Ecologists argue that if clearance continues at recent rates, all of the world’s undisturbed rainforest is likely to have disappeared or to be damaged by 2020. This would lead to an irrepairable loss of biological assets. Rainforests contain about 40% of all known species of plants and animals. Clearance of rain forest causes the loss of valuable natural resources including hard wood trees and tree products such as quinine rubber vegetable gums etc.
This loss is just not ecological but also has very significant environmental consequences. The evergreen forest provides various environmental services by helping to regulate global weather patterns, soil erosion, river flooding in the tropics etc. Evidences show that tropical deforestation have lead to the green house effect and global warming by removing an important carbon sink.
15.4 TEMPERATE GRASSLAND BIOME
(i) Geographical Background Temperate grasslands are located in two typical locations i.e. interior of the continent in the northern hemisphere and margin of the continents in the southern hemisphere. Therefore, the temperate grasslands of the southern hemisphere have moderate climate than their counterparts of the northern hemisphere because of more marine influences as they are closer to the coast. The temperate grasslands of the northern hemisphere are characterized by continental climate wherein extremes of summer and winter temperatures are well marked. Though grasslands in the southern hemisphere are located along the coast, these are located in the rain shadow areas of the high coastal mountains. These locations account for scanty rainfall in all these regions.
These grasslands are found in all the continents under different names. In the northern hemisphere, the grasslands are far more extensive. In Eurasia, they are called the steppes and stretch east wards from the shores of the Black sea to the plains of Manchuria in china. In North America, the grasslands are quite extensive and they are called praries. They lie between the foot hills of the Rockies and the Great Lakes. In the southern hemisphere, these grasslands are less extensive. These are known as Pampas in Argentina and Uruguay. In South Africa, these grasslands are sandwitched between Darkensberg mountains and the Kalahari desert and are called veldt. In Australia, these grasslands are known as Downs and are found in the Murrary – Darling basins of South Australia. Since all these grassland are located in the temperate zones, they are also known as temperate grasslands
(ii) Natural Vegetation and Animal Life- As the precipitation is too low for the growth of trees but is sufficient for the growth of grass. The natural vegetation of these regions comprises treeless grasslands. Trees appear only on slopes of mountains where precipitation is more. The height of grass varies from place to place according to the amount of precipitation and fertility of the soil. Steppes in particular are known for short and nutritious grass. The appearance of these grasses on these lands varies with the seasons. In springs, the grass beings to appear green, fresh and blooming with small and colorful flowers. In summers, due to the scorching heat and evaporation, the green grass turns yellow and then brown. Towards autumn, the grass withers and dies, but, the roots remain alive and lie dormant throughout the cold winter season. When spring comes, the whole cycle is repeated. These grasslands are natural habitat of a variety of animals. Note worthy among them are antelopes, wild asses, horses, wolves, kangaroo, emu, and dingo or wild dog.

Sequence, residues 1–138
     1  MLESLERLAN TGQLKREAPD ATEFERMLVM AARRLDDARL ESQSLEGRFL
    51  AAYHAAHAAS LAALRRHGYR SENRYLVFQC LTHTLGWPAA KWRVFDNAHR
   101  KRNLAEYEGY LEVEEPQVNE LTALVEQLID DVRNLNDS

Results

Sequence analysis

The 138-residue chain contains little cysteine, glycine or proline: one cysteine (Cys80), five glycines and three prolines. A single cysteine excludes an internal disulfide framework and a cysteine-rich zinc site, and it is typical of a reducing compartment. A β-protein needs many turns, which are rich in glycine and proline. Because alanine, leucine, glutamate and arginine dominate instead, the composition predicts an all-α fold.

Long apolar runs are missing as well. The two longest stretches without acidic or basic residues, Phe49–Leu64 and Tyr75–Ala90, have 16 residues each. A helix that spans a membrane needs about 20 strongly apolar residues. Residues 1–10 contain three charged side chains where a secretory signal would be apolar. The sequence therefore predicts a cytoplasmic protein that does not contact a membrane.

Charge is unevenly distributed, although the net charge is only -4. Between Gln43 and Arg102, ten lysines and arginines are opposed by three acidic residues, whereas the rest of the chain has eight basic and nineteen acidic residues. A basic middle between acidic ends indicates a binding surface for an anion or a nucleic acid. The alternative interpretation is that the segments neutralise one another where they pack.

(iii) Human Response- No other biomes has ever undergone so many changes as the temperate grassland biomes. This has happened due to the human activities. (i) Majority of the grasslands have been converted into agricultural lands which have now become famous ‘granaries of the world’ (ii) The second crucial factor responsible for alteration of this virgin grasslands is pastoral ism or domesticated of animals. Today virgin grass lands are very rare sight (iii) Large scale hunting of animals has resulted into phenomenal decrease of the population of some animals and disappearance and extinction of some animals. For example many species of animals such as antelope, Zebra, lions, leopards, hyenas have disappeared from the African Veldts by the mass hunting of animals by the European immigrants. (iv) The introduction of new animal and plant species has altogether changed the composition of native vegetation. For example introduction of sheep by the European settlers in Australia have changed the composition of vegetation community which was originally suited to the native marsupial animals. Like this introduction of few leguminous plants in Australian temperate grasslands suppressed several species of native perennial grasses.
15.5 THE ARCTIC TUNDRA BIOME
(i) Geographical Background This is essentially a cold desert in which atmospheric moisture is scarce and summers are so short and cool that trees are unable to survive. This biome is distributed along the northern edge of the Northern Hemisphere. It covers parts of Alaska, northern parts of Canada, the coastal areas of Greenland and the Arctic Coastal regions of Russia and Northern Siberia
(ii) Natural Vegetation and Animal Life- The plant cover consists of a considerable mixture of species. Many of these species are dwarf form such as grasses, mosses, lichens, flowering herbs, and a scattering of low shrubs. These plants often occur in a dense, ground hugging arrangements. The plants complete their annual cycle hastily during the brief summers, when the ground is often moist and waterlogged because of inadequate surface drainage. The animal of this biome may be categorized as (i) resident and (ii) migrant. Resident animals like ptarmigan can adjust themselves to the changing climatic conditions. The migratory animals, in contrast, begin migrating to the warmer places in the very beginning of winter. Examples are birds such as water fowl, ducks, swans, geese etc. which leave their places of origin in the first half of autumn and return in the following spring or early summer. Mosquitoes, flies and other insects proliferate astoundingly during the short warm season, laying eggs that can survive the bitter winter. Other forms of animal life are scarce – a few species of mammals and freshwater fishes but almost no reptiles or amphibians. Besides, the rein deer, wolves, foxes, musk-ox, artic hare, seal and lemmings also live in this region. Productivity in tundra biome is exceedingly low.